2014 Strategic Year

Like any self-respecting lister, I wanted to come up with a challenge for myself in 2014. Reflecting on my failed attempt at a big year last year and thinking more about my best bird of 2013, I have created a goal that I am dubbing the “strategic year.”

The strategic year will not be about finding as many birds as possible by any means necessary. Instead, I have chosen 12 specific individual species that I am targeting. It will be my goal to learn about the behavior, range, and habitat of these birds so that I can go out into the field and find them myself. The reason I chose the American Bittern as my best bird of 2013 was because I found it without assistance from anyone else, and I want more of these successes. So I will not be following list-serv reports or chasing individuals from eBird to tick them off my list. Of course, I will still use these resources to study where they have been seen historically and how best to find them. But I will not be following directions to any Wal-Mart parking lots to see one particular bird (well, maybe I will, but if I do that I won’t count it as a successful tally). The goal is to become a better birder, regardless of how many birds I see.

I asked for suggestions for target birds on the Indiana Birding Facebook page, and I got plenty of responses. I narrowed it down to 12 birds based on my ability to travel and also to keep the list realistic yet challenging (all of these would be life birds if I succeed in finding them):

Cerulean Warbler

Cerulean Warbler (photo from Wikimedia Commons)

The Cerulean Warbler represents a nemesis bird for me. I have tried specifically to go find it on several occasions with no luck. I expect that this might be the easiest bird to find on my list. They seem to pass through most parts of the state during spring and fall migration.

Lark Sparrow

Lark Sparrow (photo from Wikimedia Commons)

I really don’t know much about the Lark Sparrow, but where it occurs it favors farmland and open fields. Check one for Indiana!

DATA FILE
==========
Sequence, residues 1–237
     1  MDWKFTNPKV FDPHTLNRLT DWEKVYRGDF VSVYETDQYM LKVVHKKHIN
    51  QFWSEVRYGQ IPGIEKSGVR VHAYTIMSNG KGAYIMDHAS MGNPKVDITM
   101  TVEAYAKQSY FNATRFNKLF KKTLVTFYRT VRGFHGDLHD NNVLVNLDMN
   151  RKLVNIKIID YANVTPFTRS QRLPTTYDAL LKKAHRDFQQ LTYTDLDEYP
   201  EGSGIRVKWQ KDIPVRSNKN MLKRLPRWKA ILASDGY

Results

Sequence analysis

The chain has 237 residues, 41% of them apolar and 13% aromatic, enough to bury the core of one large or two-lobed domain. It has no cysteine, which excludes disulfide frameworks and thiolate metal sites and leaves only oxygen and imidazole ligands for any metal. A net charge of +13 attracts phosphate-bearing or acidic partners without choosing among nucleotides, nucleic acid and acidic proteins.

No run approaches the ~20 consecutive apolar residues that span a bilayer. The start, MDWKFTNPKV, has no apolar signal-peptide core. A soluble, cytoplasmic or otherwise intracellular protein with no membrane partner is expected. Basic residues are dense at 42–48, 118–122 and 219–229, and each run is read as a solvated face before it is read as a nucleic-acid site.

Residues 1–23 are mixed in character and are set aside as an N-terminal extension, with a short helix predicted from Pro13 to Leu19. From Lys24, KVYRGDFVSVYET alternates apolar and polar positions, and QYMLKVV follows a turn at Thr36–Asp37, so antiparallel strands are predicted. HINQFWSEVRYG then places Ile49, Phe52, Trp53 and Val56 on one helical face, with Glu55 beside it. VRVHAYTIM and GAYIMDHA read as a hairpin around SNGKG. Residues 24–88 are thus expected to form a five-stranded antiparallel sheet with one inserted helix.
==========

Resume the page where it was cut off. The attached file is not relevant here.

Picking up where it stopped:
Golden-Winged Warbler

Golden-Winged Warbler (photo from Wikimedia Commons)

I might be overly optimistic in thinking that I have a better chance of seeing a Golden-Winged Warbler than other birds on this list. It is steadily being bred-out of its range by Blue-Winged Warblers, but at least one well-documented bird was in Fort Wayne last spring.

Black-Billed Cuckoo

Black-Billed Cuckoo (photo from Wikimedia Commons)

Another of the “easy” birds on the list. Apparently Black-Billed Cuckoos are common, though frequently unseen. I can verify that last part.

Rusty Blackbird

Rusty Blackbird (photo from Wikimedia Commons)

I will be very excited if I find a Rusty Blackbird this year. I have read that their population is declining faster than almost any other bird. They winter in Indiana.

Golden Eagle

Golden Eagle (photo from Wikimedia Commons)

Golden Eagles are scattered but regular in Indiana, and this is another one of the birds on this list that I could expect to find in winter in the state.

Loggerhead Shrike

Loggerhead Shrike (photo from Wikimedia Commons)

I do not know much about the Loggerhead Shrike, other than that Indiana looks to be on the far northern edge of its summer range. Thankfully their look-alike kin the Northern Shrike should (should) be out of the area by then.

Black Tern

Black Tern (photo from Wikimedia Commons)

I will probably not see a Black Tern unless I manage a trip to the lakeshore.

Long-Eared Owl

Long-Eared Owl (photo from Wikimedia Commons)

Like the Black-Billed Cuckoo, Long-Eared Owls are apparently common but hard to find. If I see one at all, it will likely be due to dumb luck.

Least Bittern

Least Bittern (photo from Wikimedia Commons)

It will take some effort in the marshes of Indiana to see a Least Bittern, although they are apparently fairly common in the summer.

King Rail

King Rail (photo from Wikimedia Commons)

The King Rail is another secretive marsh bird whose call I will have to learn. They too are declining in population.

Ruffed Grouse

Ruffed Grouse (photo from Wikimedia Commons)

Finally, the Ruffed Grouse will probably be the toughest bird on this list to see. They are found in only a few places in the state, although thankfully that does include the forests of northeast Indiana. Even still, they are famously difficult to find.

This challenge will be very difficult with my other time commitments, and I will be happy to see even one of the birds listed above. Thankfully though, preparing to see one species will most likely mean I will find all kinds of other good birds too. Like always, I will update my progress here with both hits and misses. Good birding to you in 2014!